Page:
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From once being the most common species of owl in the UK, barn owls (Tyto alba) have undergone a long-term decline in numbers. This has mirrored the increase in agricultural intensity and landscape development, which has led in turn to a loss of roost and nesting sites and a reduction in the numbers of small mammals they feed on. These factors, coupled with persecution, the increase in road traffic and other urban hazards, have led to the breeding numbers of barn owl falling from an estimated 12,000 pairs in 1933, to approximately 4,000 breeding pairs today.

The number of breeding barn owls appears to fluctuate year on year, but encouragingly, the overall trend in recent years is for their population decline to be levelling off. Despite the apparent halt in the steep decline in their numbers, their population remains vulnerable to the aforementioned threats. This highlights the importance of undertaking targeted barn owl surveys on potential development sites that hold favourable breeding, roosting or feeding habitat.

Legislation

Barn owls are given protection against killing, injury or capture under the Wildlife and Countryside Act 1981 (as amended), with nests given further protection against disturbance under Schedule 1 of the same act. Developers therefore should be mindful of undertaking targeted barn owl surveys at sites holding favourable barn owl breeding/roosting habitat, to avoid potentially committing a legal offence.

Favoured Habitat

Barn owls use a variety of roost and nest locations in natural environments such as tree hollows, rock crevices and sea cliffs and man-made structures, such as those found in agricultural, industrial and domestic settings. They favour rough, tussocky grassland when hunting their preferred prey of small mammals.

Breeding Ecology

Barn owls have been known to breed in every month of the year but the usual breeding months are March to August, with peak breeding taking place between April and June.  One in ten pairs will then produce a second brood later in the summer. The four to six eggs usually hatch after a calendar month, with the young fledging between eight and ten weeks old.

Barn Owl Survey

Barn owl surveys are usually requested in relation to planning applications to convert or remove buildings located in rural surroundings. An ecologist has to hold a Class Survey Licence issued by Natural England, if they are to provide a thorough investigation of a site and fully establish the presence and status of barn owls.

After an initial desk study to obtain records of barn owls for the surrounding area, a site visit is undertaken to identify any signs that barn owl are using (or have previously used) the site for roosting or nesting. Signs of barn owl presence on a site include pellets, feathers and droppings, as well as nest debris, eggs and carcasses (of owls or prey).

Mitigation

If a barn owl nest and/or roost site has to be disturbed or destroyed, alternative nesting or roosting provision must be provided, ideally within the structure being renovated, or if the current structure is to be demolished, within a replacement structure. If this is not possible, specially designed artificial nest/roost boxes should be positioned alongside and facing suitable rough grassland habitats, away from hazards such as busy roads and tall structures.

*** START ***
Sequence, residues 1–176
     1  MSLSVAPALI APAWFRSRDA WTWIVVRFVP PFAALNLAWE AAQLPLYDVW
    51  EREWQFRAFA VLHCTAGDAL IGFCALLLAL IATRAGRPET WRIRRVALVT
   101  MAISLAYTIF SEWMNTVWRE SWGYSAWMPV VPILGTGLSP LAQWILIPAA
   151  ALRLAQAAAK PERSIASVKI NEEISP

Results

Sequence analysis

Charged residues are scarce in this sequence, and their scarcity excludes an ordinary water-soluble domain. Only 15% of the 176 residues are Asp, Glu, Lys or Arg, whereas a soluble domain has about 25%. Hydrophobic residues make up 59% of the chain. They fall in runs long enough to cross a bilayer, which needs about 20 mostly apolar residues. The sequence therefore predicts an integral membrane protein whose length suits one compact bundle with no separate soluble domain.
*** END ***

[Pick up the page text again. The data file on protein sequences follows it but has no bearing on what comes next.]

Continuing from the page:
Artificial boxes should ideally be positioned outside the usual nesting months over the autumn/winter period.

Baker Consultants Barn Owl Surveys

Baker Consultants has two ecologists that hold the Class Licence for barn owls, following intensive training by the Barn Owl Trust and demonstrating their competence  in undertaking barn owl surveys.

Andrew Baker has been invited to speak about the legal position of European Protected Species (EPS) at a Planning and Design Group (P&DG) breakfast seminar on Thursday 14th July.
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In response to the upcoming referendum on the UK’s membership of the EU, the Chartered Institute of Ecology and Environmental Management (CIEEM) surveyed its members on their views on what Brexit would mean for the UK’s natural environment.

Baker Consultants has made clear why we are concerned about Brexit, publishing several pieces on our views on why the EU is important for nature legislation and the negative implications of Brexit for the ecology and construction sectors and the environment. (See our pieces titled: ‘Brexit could worsen the construction sector’s skills shortage‘; ‘UK’s potential exit from the EU threatens economic and regulatory uncertainty‘; British exit from EU would be bad for UK renewable energy business‘; and ‘The EU is good for business and the environment‘).

Snapshot of our Scottish Energy News piece

Snapshot of our Scottish Energy News piece

CIEEM’s survey

Given this, we welcomed CIEEM’s survey and our Managing Director, Andrew Baker, and other colleagues made up several of the 841 respondents.